Balancing the risk of medication with the benefit to the mother and fetus is crucial in managing patients with asthma who are pregnant.
By Patricia Carroll, RRT, RN, BC, CEN, MS
Care of pregnant women has swung like a pendulum over the past 40 years. In the 1950s and 1960s there were not many concerns about whether pregnant women took medicine, drank alcohol, or smoked cigarettes. The approach then turned to one in which pregnant women were told to avoid all medication except prenatal vitamins; smoking and drinking were absolutely taboo.
Today, research shows clearly the harmful effects of tobacco and alcohol on the fetus. But we also have a body of research showing that rather than forbidding medication—particularly for treatment of chronic illness such as asthma—a better approach is a careful plan that keeps asthma well under control.
The key for any woman who is pregnant or trying to get pregnant is to balance the risk of a medication with the benefit to her and the fetus if she takes it. Hypoxia related to maternal asthma exacerbations is the greatest risk to a fetus, causing significant mortality and morbidity. Proper management of asthma that prevents acute episodes of airway obstruction during pregnancy virtually eliminates risk of fetal hypoxia.
Asthma and the Pregnant Woman
Asthma affects 1% to 9.5% of women or 200,000 to 376,000 pregnancies in the United States every year.1 A study2 coordinated at 16 centers across the United States followed 1,739 pregnant women with asthma from less than 26 weeks’ gestation through delivery and classified the women’s asthma as mild, moderate, or severe based on the National Asthma Education Program guidelines, with adjustments made for daily medication use. Women needing daily medicine generally were classified into a level higher than the one defined by their symptoms and pulmonary function alone.
Researchers learned that the initial classification predicted which women were most likely to experience exacerbations: 12.6% of women classified as mild, 25.7% of women classified as moderate, and 51.9% of women classified as severe had acute symptomatic episodes requiring medical intervention, including hospitalization (which occurred in 89 women). By knowing who is at the most risk, education and monitoring can be targeted to identify changes in lung function as early as possible, optimizing rescue treatment and minimizing the risk of fetal hypoxia.
This large-scale study confirmed previous studies that showed asthma severity can change during pregnancy. In this group, 30% of women initially classified as mild were reclassified as moderate-to-severe during the pregnancy, and 23% changed from moderate-to-severe to mild. The rest were unchanged.
Another study1 of woman in Connecticut and Massachusetts looked at pregnancy outcomes (focused on the baby, not the mother) in relationship to asthma severity and medications taken. Researchers were unable to prove whether the increased risk of preterm delivery identified was related to the asthma diagnosis or to chance. There was an increased likelihood of preterm delivery when women were treated with theophylline alone or in combination with oral corticosteroids,1 and an increased risk for pregnancy-induced hypertension in pregnant women and hyperbilirubinemia in infants of women taking steroids.3 However, treatment with oral corticosteroids does not increase the risk of congenital abnormalities.4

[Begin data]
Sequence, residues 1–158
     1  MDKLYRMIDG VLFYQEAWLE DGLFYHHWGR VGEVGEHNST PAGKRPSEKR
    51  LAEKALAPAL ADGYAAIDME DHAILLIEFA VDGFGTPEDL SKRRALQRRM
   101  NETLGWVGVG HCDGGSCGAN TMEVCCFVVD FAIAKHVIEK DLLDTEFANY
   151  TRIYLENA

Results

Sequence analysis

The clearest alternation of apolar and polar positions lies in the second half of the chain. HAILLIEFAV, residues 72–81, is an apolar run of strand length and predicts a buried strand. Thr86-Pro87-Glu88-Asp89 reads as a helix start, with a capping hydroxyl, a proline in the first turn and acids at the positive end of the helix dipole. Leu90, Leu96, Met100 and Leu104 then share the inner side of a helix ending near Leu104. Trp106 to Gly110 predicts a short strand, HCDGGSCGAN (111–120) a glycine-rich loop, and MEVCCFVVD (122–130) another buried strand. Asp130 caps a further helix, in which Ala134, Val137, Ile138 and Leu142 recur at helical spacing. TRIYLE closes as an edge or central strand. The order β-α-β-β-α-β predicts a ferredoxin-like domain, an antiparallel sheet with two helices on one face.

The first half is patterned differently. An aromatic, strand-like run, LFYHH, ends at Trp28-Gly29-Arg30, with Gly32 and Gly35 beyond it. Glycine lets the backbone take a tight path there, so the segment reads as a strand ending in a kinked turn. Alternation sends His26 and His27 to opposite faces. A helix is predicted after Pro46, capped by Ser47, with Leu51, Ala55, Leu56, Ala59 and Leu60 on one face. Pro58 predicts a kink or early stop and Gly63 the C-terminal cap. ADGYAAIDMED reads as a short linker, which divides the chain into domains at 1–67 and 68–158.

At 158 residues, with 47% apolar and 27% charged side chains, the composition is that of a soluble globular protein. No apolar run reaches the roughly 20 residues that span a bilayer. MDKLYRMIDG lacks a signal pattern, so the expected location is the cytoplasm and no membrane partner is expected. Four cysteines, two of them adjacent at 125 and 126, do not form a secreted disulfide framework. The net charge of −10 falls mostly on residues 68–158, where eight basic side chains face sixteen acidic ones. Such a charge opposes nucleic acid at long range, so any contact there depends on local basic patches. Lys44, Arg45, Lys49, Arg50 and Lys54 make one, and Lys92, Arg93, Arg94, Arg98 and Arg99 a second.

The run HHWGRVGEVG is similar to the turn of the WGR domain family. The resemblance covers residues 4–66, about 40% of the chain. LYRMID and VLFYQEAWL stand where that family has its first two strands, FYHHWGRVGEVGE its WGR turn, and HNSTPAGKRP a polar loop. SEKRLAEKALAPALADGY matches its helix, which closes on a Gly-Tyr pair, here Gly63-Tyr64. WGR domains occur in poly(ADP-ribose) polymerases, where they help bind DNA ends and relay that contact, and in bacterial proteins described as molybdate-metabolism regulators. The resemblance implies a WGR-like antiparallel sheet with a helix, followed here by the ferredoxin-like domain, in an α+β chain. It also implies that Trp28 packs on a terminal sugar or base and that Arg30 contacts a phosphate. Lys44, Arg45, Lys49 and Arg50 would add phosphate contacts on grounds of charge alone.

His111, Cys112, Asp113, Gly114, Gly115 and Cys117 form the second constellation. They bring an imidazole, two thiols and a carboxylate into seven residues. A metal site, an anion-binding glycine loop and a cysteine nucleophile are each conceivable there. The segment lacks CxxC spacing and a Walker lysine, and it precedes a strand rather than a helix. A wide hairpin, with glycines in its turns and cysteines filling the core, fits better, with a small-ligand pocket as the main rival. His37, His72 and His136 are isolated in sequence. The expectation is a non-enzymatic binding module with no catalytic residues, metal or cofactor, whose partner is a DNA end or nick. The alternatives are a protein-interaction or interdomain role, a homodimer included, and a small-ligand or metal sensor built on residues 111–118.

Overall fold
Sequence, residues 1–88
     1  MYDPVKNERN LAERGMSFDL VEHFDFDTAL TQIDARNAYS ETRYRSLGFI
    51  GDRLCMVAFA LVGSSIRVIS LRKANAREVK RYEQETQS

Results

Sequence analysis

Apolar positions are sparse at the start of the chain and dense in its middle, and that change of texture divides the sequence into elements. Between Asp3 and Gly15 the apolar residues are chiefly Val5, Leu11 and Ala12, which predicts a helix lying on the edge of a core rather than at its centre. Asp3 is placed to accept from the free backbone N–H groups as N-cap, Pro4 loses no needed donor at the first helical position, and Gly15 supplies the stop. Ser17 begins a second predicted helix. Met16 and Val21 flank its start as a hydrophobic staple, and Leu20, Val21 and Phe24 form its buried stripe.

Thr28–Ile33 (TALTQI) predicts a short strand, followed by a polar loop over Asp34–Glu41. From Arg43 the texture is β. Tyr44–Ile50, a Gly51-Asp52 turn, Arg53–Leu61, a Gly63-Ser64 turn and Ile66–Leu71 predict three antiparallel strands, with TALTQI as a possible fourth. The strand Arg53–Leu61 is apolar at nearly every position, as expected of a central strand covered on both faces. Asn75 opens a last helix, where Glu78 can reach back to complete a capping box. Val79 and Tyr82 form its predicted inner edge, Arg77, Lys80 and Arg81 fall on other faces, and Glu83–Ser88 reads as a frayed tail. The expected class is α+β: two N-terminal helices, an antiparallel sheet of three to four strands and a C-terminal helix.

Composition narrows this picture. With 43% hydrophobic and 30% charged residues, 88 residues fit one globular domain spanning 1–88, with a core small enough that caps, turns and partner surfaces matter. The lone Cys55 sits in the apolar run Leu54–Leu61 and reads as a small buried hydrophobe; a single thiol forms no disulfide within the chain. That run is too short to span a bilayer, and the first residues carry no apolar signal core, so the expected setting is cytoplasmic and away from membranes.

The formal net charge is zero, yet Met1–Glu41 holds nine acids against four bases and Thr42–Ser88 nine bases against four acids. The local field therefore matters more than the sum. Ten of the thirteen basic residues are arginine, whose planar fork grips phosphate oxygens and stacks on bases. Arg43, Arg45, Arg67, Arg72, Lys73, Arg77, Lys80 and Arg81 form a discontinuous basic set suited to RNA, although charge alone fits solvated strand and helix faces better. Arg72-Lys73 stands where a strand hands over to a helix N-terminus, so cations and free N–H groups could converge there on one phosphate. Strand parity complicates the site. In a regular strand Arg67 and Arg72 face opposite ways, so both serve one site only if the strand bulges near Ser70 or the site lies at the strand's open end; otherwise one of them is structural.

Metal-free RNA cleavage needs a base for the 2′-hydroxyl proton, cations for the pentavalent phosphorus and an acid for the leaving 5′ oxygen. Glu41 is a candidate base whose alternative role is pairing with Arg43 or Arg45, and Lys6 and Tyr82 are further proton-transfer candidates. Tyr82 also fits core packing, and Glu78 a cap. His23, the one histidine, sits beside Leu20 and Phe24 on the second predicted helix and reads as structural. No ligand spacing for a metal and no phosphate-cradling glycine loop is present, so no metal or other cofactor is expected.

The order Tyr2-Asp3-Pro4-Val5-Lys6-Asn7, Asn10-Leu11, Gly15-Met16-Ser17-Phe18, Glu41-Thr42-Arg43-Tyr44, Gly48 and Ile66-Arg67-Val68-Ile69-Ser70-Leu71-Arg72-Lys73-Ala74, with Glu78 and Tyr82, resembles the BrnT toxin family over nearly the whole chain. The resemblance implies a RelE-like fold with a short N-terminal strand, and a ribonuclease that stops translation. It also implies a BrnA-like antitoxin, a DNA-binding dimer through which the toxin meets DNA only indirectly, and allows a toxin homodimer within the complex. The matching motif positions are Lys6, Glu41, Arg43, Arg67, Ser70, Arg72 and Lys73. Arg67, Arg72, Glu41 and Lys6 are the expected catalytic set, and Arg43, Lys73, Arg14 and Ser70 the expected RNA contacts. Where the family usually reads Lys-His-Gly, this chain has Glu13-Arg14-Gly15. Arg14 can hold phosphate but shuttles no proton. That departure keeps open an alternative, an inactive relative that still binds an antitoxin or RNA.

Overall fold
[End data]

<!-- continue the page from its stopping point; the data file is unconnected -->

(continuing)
Women whose asthma severity and symptoms increased during pregnancy had a significant decrease in intrauterine fetal growth, likely due to chronic, mild hypoxia.1
A proactive approach in patient management includes discussing the possibility of pregnancy with women with asthma who are of childbearing age, optimizing their lung function, minimizing triggers with non-drug approaches, and achieving optimal lung function with comprehensive education before conception and throughout a pregnancy. This approach, in which a multidisciplinary team of obstetrical experts and pulmonary experts work together, will help achieve optimal outcomes for mother and baby.3,5 This philosophy presents respiratory care professionals with yet another opportunity to expand their practice into consulting with perinatal specialists to work with at-risk women.
|Table 1. Normal Physiological Changes During Pregnancy3,13
|• Diaphragm rises in the chest
• Anteroposterior diameter increases more toward barrel chest
• FRC, RV, and TLC decrease with unchanged VC, FEV1, and PEFR
• O2 consumption increases by 20%, maternal metabolic rate increases by 15%, and CO2 production increases
• Alveolar ventilation increase of 40% to 50% results in slightly decreased PaCO2 and increased PaO2 with a slight respiratory alkalosis (pH 7.44) being normal
• Work of breathing increases
Drug Pregnancy Labeling
Congenital abnormalities occur in 3% to 5% of all live US births,5 but less than 1% can be attributed to medication administration during pregnancy. No drug company can take the risk of testing drugs in pregnant women—in fact, this is why almost all premarket testing is done in men or postmenopausal women. Thus, information about drug safety during pregnancy comes from animal models or drug registries maintained of women who need to take medication to treat an illness such as asthma during pregnancy. The Organization of Teratology Information Services (OTIS)6 has been amassing a database of asthma drug use during pregnancy. For example, preliminary results suggest that salmeterol is not a major human teratogen.7
Unfortunately, the traditional pregnancy labeling is of little use in clinical practice.8 The current system was established by the Food and Drug Administration (FDA) in 1979, and since 1997, the FDA Pregnancy Labeling Task Force has been examining options to replace the current letter designations of A, B, C, D, and X with more helpful, detailed, narrative descriptions regarding fertility, pregnancy, and breastfeeding. Today, most drugs (66% in the 2002 Physicians’ Desk Reference) fall into category C by default, which states: “No animal studies have been conducted and there are no adequate and well-controlled studies in pregnant women. Risk cannot be ruled out. OR Animal studies have shown an adverse effect and there are no adequate and well-controlled studies in pregnant women.”9,10